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This question is in regard to the recent hypothermia deaths in the Ozarks as linked---
On my last February trip I was caught in a several day butt-cold rain and mused over the terrible plight of the hikers and so I wrote this in my trail journal while inside a warm, dry tent during a nasty pelting cold rainstorm---
"It's still winter so the rain/wind combo isn't something you want to be out in overnight like that poor father with his 2 sons in the Ozarks. The rain was atrocious with tolerable temps but by nightfall the temps became grim by falling into the 20F's---a terrible situation to those outside overnight and soaked to the skin."
"In such a scenario one must act quickly and get out of the wind and prepare for the cold, a near impossibility if drenched. What would I do? Get out of the wind down the hillside and look for a rock face overhang or a dead tree blowdown and start playing gopher big time by scrapping out dirt and rocks and dead leaves to make a little cubbyhole depression."
"Then I'd stuff it like a madman with dead leaves and more leaves and yet more leaves and bury myself and my kids in the hole. Also I would remove our clothing and wring them out thoroughly and either put back on if wool or poly but leave off if cotton. Then I'd leave the kids and gather another 50 lbs of wet leaves and pile them on top of us---no time to make a debris shelter with a pole or a lean-to---ya gotta burrow into a squirrel nest of dead leaves out of the wind with a rock wall or a dead tree trunk to huddle against."
"Nature has a million places for the primitive human to go rodent and find shelter. We're not stupid and when push comes to shove we will try to survive like a mouse in a rat nest. The dead leaves have to be in a big pile and you have to be at the bottom of them and you have to curl up together like puppies underneath to stay warm."
"Once the terrible truth hits that you've made a terrible mistake, get busy with a shelter before 2nd and 3rd hypothermia hits. It's better to be under a crappy shelter by a rock or dead tree holding each other than to be exposed out in the open doing the same. Humans are nesters by instinct and there are a thousand natural human rat dens all thru the woods."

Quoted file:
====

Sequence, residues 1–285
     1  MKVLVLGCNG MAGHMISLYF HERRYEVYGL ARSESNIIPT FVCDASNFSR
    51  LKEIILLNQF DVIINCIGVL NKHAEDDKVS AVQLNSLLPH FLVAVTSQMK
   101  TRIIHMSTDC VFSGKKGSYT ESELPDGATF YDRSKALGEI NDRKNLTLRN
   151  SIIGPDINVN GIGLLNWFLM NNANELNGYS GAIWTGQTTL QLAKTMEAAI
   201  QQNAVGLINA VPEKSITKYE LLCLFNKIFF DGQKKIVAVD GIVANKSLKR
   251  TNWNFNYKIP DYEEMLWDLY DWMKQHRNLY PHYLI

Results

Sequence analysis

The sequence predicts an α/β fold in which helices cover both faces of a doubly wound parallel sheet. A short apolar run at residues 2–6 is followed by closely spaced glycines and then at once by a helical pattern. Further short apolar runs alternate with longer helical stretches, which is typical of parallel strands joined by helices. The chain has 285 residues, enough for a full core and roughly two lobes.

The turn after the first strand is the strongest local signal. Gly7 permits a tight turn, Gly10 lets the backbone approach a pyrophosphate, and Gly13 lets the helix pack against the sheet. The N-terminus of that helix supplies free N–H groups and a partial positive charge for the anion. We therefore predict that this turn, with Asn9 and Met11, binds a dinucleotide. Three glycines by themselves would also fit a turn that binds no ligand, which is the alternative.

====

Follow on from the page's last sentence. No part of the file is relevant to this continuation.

"It's easy to write this during a butt cold rainstorm while sitting inside a warm tent and it's another to be drenched at 30F and miles from nowhere in the dark. It's overwhelming and the natural tendency is to curl up, shiver, shake and go. The will to live gets destroyed."
"Imagine the value of a simple 5x8 tarp---together with dead leaves you stay warm and not newly wet. There's nothing in nature like a 5x8 tarp unless you find a big hollow log or a large rock overhang or have time to make a debris hut with lean-to stick frame and bushels of leaves. Leaves become your insulation---fiberfill---look at a mouse nest."
"Here's a lesson for all dayhikers---carry rain jackets and carry tarps, period. Or a bivy sac."
Anyway, the whole point is this---I'd like to see Grylls or Stroud or Cody pull the same exact event in the same exact conditions drenched with a dip into the 20F's and overnight. They don't have a tarp or cordage or a saw or machete or knife and they are soaked---just the same clothes the father and sons wore. I mean drenched and shaking with 1st stage hypothermia. Now get to work! Screw the camera crew, screw your cameras---death is 2 hours away and what are you going to do??